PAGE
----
George Mullen Jr. grew up in Cutchogue, in a house on Depot Lane built by his father, George, a plumber. His maternal grandparents, the Kaelins, lived an easy half-mile walk north on Depot Lane.
Young George went to kindergarten through eighth grade next door to the family home, in the two-story red-brick building that is now the administrative offices for the Mattituck-Cutchogue School District. One of his first jobs was working as the janitor for the Sacred Heart Catholic school, just west of the elementary school in Cutchogue and next door to Sacred Heart Roman Catholic Church.
Later, he was hired to be the sexton in the church, a job he began in the 1970s and from which he retired in the early 2000s. His workplace was so close to the family home that he could walk back and forth to his jobs if he wanted to. Never married, he lived with his parents, then when his father died with his mother, Rosemary, who died when George was 51 years old.
“George’s responsibilities included opening the church doors before Mass, closing them after Mass, cleaning up and helping keep everything going,” said his sister, Rosemary Brennan. “He knew everyone in the parish, knew everyone’s names, loved talking to them, loved talking about history. He was very well liked. He had a big heart.”
Mr. Mullen, 82, died April 8 in Stony Brook University Hospital from the devastating effects of COVID-19. There are, as of this writing, 653 COVID-19 deaths in Suffolk County. Each of the dead has a story to tell, a life lived, a biography that perhaps only family members know anything about and the world outside that small circle will never know.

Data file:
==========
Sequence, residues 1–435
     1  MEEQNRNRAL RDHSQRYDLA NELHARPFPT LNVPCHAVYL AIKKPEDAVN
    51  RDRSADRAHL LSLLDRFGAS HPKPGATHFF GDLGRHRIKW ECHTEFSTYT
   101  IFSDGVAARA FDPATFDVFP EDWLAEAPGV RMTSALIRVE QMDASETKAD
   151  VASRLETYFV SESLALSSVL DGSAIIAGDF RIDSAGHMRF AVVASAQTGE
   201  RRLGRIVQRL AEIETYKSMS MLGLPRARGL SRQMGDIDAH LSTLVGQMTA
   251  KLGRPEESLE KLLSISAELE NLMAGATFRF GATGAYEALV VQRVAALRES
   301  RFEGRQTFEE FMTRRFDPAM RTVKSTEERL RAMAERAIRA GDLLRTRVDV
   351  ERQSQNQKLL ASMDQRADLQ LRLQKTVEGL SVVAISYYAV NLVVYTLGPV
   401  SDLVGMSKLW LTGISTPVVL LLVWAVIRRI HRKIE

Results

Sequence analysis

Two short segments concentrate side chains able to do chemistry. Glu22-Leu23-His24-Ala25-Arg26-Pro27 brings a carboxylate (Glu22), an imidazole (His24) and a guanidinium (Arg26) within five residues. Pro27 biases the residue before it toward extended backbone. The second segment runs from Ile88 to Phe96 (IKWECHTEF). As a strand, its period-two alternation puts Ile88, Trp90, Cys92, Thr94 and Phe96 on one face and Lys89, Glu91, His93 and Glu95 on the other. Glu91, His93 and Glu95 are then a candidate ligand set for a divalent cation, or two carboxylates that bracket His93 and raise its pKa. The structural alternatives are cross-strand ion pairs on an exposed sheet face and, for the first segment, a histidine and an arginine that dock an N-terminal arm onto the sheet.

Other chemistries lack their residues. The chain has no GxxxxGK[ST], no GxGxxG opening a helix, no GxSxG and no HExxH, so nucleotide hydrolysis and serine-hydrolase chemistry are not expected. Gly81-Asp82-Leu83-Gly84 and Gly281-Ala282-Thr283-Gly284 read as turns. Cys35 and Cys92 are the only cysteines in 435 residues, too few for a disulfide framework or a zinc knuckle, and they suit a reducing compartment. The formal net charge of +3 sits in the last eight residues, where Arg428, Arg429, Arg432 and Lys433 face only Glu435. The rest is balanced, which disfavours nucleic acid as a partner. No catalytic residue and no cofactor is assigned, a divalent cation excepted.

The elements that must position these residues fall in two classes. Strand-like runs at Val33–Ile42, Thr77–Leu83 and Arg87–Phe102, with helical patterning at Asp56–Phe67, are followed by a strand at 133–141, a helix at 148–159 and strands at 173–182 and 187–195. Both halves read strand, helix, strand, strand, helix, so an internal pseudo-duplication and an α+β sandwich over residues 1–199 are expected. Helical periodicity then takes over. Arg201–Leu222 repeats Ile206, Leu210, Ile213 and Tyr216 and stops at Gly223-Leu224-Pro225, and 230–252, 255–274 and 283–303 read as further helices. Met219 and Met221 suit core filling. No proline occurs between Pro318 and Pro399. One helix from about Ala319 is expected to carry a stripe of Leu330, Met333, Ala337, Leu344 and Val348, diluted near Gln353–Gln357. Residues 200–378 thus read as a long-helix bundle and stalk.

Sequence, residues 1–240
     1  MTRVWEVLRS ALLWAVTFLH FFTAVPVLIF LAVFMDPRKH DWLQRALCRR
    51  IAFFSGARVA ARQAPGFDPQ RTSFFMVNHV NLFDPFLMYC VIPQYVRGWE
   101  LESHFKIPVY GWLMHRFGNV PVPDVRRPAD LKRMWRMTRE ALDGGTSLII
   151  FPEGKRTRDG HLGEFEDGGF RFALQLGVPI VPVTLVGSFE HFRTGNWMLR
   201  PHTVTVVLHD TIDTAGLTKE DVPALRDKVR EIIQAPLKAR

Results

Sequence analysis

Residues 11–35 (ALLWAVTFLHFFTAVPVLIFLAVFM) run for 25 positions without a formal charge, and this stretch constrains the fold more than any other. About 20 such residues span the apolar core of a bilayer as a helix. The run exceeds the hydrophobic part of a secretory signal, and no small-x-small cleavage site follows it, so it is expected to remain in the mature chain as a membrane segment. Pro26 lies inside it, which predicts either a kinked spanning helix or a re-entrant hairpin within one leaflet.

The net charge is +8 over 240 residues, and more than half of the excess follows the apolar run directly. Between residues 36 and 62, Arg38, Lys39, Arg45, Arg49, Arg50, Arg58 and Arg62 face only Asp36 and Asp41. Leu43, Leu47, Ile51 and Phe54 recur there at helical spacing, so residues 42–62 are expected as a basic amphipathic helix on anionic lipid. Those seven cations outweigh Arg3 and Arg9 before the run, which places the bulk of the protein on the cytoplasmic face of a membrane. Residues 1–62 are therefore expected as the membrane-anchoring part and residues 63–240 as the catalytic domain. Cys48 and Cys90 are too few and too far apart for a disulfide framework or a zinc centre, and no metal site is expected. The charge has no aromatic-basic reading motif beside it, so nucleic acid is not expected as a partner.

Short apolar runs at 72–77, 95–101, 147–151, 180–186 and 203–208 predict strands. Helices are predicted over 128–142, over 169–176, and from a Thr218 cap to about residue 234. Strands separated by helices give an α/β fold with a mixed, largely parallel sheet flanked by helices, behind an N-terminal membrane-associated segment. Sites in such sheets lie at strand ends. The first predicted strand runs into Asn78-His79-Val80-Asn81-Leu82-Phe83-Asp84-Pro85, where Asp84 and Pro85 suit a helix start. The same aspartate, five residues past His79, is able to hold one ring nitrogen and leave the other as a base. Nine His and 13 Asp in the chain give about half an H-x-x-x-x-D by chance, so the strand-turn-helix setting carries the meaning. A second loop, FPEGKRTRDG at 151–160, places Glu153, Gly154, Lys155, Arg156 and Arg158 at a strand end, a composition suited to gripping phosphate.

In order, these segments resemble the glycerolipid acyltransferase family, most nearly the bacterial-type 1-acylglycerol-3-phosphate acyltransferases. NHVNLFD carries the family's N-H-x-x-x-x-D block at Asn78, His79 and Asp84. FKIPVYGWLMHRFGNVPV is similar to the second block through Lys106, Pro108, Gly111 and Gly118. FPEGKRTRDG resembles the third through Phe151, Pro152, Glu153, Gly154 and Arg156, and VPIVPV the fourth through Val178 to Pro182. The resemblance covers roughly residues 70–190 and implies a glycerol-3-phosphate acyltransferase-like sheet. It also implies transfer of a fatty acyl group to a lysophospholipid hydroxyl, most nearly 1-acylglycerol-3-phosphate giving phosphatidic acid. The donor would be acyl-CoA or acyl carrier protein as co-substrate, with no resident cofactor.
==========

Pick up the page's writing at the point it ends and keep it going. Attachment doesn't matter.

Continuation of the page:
By all accounts, Mr. Mullen was a small-town man. He may have left Cutchogue after he graduated from Southold High School, but friends say he returned within weeks. This was home; he could not pull himself away and wouldn’t until nearly the end of his life. Many residents of Cutchogue, particularly those who knew him in the parish church, would see him walking around, or at the post office, or walking by the fire house in the years when he lived at Peconic Retreat, a kind of adult group home on New Suffolk Road in Cutchogue.
His life largely unsung accept by the family members he leaves behind, his name won’t be in any history books of Cutchogue or Southold Town. But Mr. Mullen represents another name, another life lost in the mounting death toll of a horrific virus that has swept in and claimed lives and forever changed the way people live.
In keeping with the social distancing rules that now delineate our lives, a small group of family and friends gathered Tuesday morning in Sacred Heart Cemetery on Depot Lane to say goodbye to him. Virginia McCaffrey, who also grew up on Depot Lane and who attended the little elementary school where George’s mother was the third and fourth grade teacher, walked over from her house to the cemetery to pay her respects.
Father Peter Allen, who was the long-time priest in Sacred Heart and for whom Mr. Mullen worked, conducted a prayer service. Monday was a heavy storm day; Tuesday morning the sun was bright and warm as everyone gathered.